Pandemic has pushed millions of older workers into involuntary retirement
By Deborah Jeanne Sergeant
About 2.9 million older workers in the U.S. — those between the ages 55 and 70 — have been forced into retirement because they have been laid off during the pandemic, according to data released in August by New School’s Retirement Equity Lab, affiliated with the New School in New York City.
The study shows that if the trend continues in the next few month, an additional 1.1 million workers will have exited the labor force in the U.S. — for a total of 4 million people potentially pushed into retirement before they are ready. This is expected to increase old-age poverty and exacerbate the recession, according to the study.
Judy Mancini, 56, is trying to avoid joining this statistic.
The Webster resident had worked for the Joseph A. Floreano Rochester Riverside Convention Center as the controller of food and beverages and had overseen state permits for the center for 30 years when the pandemic hit. In March, she had a three-month furlough but by the end of May, her job was gone.
“It’s a struggle,” she said. “Today, the job market isn’t what it was. Everyone’s working virtual.”
She’s trying to find work outside the events industry in customer service. With her background in finance, recruiting and management, Mancini appears very qualified; however, she fears age-related bias may hamper her chances since she’s much closer to retirement than candidates in their 20s.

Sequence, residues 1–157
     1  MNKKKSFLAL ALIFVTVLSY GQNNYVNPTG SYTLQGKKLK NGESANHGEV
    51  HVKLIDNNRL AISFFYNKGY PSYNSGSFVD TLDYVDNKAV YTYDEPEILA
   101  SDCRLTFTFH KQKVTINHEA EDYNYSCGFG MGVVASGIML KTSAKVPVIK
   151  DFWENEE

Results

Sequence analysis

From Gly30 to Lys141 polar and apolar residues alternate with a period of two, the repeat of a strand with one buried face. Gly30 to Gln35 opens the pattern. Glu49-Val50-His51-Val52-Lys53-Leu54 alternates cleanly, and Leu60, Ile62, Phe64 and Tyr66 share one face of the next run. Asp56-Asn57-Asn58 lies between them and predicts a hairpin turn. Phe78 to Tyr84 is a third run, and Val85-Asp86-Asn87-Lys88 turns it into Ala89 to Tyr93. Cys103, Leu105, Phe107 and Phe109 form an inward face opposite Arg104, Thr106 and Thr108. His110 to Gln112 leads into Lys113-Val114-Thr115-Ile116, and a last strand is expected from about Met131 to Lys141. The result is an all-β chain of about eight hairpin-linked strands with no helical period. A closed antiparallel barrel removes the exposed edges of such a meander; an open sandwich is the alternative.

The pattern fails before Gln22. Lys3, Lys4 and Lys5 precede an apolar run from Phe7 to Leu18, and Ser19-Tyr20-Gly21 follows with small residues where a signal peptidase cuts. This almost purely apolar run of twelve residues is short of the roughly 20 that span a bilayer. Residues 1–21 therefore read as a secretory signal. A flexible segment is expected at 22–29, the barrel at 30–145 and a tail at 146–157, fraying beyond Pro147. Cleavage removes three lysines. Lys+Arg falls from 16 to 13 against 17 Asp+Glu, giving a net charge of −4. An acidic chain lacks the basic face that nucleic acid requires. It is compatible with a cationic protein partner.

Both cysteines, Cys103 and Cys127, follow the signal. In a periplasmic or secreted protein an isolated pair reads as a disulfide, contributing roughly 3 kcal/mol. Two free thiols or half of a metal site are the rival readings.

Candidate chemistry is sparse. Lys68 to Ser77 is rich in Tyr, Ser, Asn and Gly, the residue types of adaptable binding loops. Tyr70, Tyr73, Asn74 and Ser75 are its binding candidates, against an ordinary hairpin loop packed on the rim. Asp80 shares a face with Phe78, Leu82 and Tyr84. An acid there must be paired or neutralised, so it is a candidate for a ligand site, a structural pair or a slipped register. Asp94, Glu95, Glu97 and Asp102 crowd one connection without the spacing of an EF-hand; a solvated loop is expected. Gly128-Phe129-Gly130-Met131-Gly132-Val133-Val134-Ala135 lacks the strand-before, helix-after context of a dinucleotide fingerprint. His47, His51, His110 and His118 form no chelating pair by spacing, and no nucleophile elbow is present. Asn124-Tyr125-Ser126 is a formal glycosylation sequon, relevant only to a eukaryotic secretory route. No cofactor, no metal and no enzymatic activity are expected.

She began looking while furloughed — just in case — and has received few calls back.
“It is nothing like what I thought,” she said. “My co-workers are still in contact. It isn’t personal but there are days like, ‘Is anyone going to call?’”
She has connected with a recruiter at an agency and has a LinkedIn profile. She is willing to work at home if asked, since “that’s the new normal,” Mancini said.
She has also received help through word-of-mouth referrals.
One thing she’s not going to do is start over at $17 an hour — much lower that her former payrate. She has paid her dues and wants to land a job that is commensurate with her experience. During the summer, she was sending one resume per week. Since the beginning of September, she has sent out about 20 resumes a week.
She receives unemployment and was paid for unused vacation pay, which has helped financially, but Mancini said she has curbed spending so she can hold out for a better job. She and her husband Ron have one son at home.
Mancini feels blessed that she can take her time and find just the right job — if she can.
Wife, husband lose their jobs
Michael “Woody” Woodward of Rochester, 60, owns On-Key Productions and has produced the entertainment for the Corn Hill Arts Festival.
He has also experienced the brunt of the events and entertainment industry fallout. Before COVID, Woodward worked independently as a music producer, promoter, DJ, emcee, actor and musician.
He has been out of work since March 20, despite his diversity in the entertainment business. His only event last summer was a concert series at the Corn Hill concert stage. Changes in the guidelines curbed these kinds of efforts. He said it’s hard to put $10,000 toward a two-day event and then worry if it will even take place.